Star moved in with us on January 10th this year, officially the oldest dog we ever adopted at 7 years old. And I would be fibbing if I said the road has been free of bumps. We started off with a big advantage because we were there when Star was born and she knew our scent as some of the very first that she learned. When you are a newborn pup, blind and deaf, first and lasting impressions come through the sense of smell. So when we picked Star up, she seemed to have a deep recognition of us.
|Star about 1 hour old.|
That helped, but plenty of challenges remained to incorporate Star into our "pack." She had been raised to be an outside dog, so the first thing she tried to do was cover up Kindu's scent on our bed. I'll leave some of this to your imagination, but it did involve the washer and dryer...hence the beginning of our housebreaking procedures. She actually caught on quickly once we succeeded in teaching her the new schedule around our house.
Although she was new to us, the vet considered her to be a "senior dog" requiring special older dog precautions adding greatly to the cost of having her spayed. And we had no idea she is a complete and total diva. We knew we faced troubled waters when we arrived at the vet's to pick her up from her surgery. We could hear her objections loud and clear in the waiting room. One thing about an unhappy basenji is that they do not just whine and cry, they scream and Star was very unhappy, maybe even downright angry about the whole thing. Her screams rang loudly in our ears and I've never seen a vet's office so happy to send a patient home!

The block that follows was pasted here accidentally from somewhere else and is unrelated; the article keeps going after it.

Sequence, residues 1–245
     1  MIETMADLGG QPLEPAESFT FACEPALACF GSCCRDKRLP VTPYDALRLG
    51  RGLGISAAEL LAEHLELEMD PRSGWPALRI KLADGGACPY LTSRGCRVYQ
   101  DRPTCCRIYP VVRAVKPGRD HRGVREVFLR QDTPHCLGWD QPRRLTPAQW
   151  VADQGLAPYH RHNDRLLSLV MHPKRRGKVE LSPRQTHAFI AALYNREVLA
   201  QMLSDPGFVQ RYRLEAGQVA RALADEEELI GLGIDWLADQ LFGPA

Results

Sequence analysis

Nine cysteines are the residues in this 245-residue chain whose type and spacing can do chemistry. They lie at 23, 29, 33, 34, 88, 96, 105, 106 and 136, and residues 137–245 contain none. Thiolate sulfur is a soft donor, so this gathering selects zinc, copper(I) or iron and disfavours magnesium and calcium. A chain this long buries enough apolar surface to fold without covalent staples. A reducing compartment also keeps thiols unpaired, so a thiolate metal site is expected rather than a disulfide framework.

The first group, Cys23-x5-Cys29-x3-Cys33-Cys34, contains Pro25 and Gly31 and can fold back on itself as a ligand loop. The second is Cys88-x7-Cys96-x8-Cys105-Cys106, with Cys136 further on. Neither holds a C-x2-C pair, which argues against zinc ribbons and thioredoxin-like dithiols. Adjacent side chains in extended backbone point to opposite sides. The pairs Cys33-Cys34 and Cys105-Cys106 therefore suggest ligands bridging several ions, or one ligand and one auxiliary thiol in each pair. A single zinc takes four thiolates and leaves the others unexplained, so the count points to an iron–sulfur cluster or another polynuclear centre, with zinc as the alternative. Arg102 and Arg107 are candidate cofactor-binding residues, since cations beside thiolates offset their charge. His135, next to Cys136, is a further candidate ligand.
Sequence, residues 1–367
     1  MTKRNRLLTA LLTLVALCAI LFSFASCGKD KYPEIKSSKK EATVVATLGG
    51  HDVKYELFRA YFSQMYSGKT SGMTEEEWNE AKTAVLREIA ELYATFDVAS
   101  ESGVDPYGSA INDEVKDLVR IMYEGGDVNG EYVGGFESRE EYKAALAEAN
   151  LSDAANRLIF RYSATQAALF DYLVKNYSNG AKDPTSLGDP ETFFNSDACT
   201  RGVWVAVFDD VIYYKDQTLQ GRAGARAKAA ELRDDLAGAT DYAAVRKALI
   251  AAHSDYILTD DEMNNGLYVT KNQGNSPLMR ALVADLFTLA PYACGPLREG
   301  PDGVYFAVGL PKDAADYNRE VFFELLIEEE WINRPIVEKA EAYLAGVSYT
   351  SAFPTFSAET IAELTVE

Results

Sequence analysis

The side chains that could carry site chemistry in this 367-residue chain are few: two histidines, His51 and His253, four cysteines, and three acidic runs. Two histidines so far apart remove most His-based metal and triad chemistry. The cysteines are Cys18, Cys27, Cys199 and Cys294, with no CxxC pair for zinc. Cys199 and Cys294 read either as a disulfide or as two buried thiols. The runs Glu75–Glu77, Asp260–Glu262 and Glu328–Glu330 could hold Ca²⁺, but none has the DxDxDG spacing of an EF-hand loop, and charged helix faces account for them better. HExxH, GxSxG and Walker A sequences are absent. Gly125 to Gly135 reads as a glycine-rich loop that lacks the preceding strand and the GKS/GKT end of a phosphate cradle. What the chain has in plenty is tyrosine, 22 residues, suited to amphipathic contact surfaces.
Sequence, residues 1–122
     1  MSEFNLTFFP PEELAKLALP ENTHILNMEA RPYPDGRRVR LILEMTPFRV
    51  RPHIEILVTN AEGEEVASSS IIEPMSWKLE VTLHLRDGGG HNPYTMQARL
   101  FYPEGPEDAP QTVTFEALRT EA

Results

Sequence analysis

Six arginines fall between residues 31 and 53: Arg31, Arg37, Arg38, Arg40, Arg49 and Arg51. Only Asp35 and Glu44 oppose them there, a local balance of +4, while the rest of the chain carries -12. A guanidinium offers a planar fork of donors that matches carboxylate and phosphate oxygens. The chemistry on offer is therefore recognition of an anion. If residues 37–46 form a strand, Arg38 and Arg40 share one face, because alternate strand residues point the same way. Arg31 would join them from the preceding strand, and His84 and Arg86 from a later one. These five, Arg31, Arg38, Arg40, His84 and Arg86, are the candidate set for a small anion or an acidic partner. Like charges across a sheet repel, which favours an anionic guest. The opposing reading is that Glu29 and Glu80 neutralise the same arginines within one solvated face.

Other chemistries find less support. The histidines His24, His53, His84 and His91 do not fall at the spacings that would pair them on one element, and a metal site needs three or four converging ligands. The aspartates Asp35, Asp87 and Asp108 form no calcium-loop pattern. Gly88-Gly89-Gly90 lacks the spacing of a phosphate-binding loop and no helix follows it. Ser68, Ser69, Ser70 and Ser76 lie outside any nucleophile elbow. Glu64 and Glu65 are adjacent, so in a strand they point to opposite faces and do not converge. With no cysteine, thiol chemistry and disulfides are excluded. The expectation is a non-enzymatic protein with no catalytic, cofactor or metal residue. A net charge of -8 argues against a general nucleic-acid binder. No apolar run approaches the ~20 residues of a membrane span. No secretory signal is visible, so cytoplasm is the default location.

So Star took out all her pent-up fear, frustration and frantic energy by attacking the cone she woke up to find firmly attached to her head. I would arrive home to find she had found another way to remove this hated appendage. I replaced it over and over onto her head and she looked for more and more ways to remove it. I have never had a dog succeed in removing a cone before, so this was new to me. After we resorted to duct taping the chewed up thing back together again, Star took matters under her control and ate it off of her! Now I was scared she would need another surgery to get all that plastic, tape, etc. out of her stomach. A couple days later I (and the vet) breathed a huge sigh of relief when she successfully passed the remnants out of her system.
And this doesn't begin to address the matter of convincing both dogs to get along--this part of the adventure will be saved for my next post!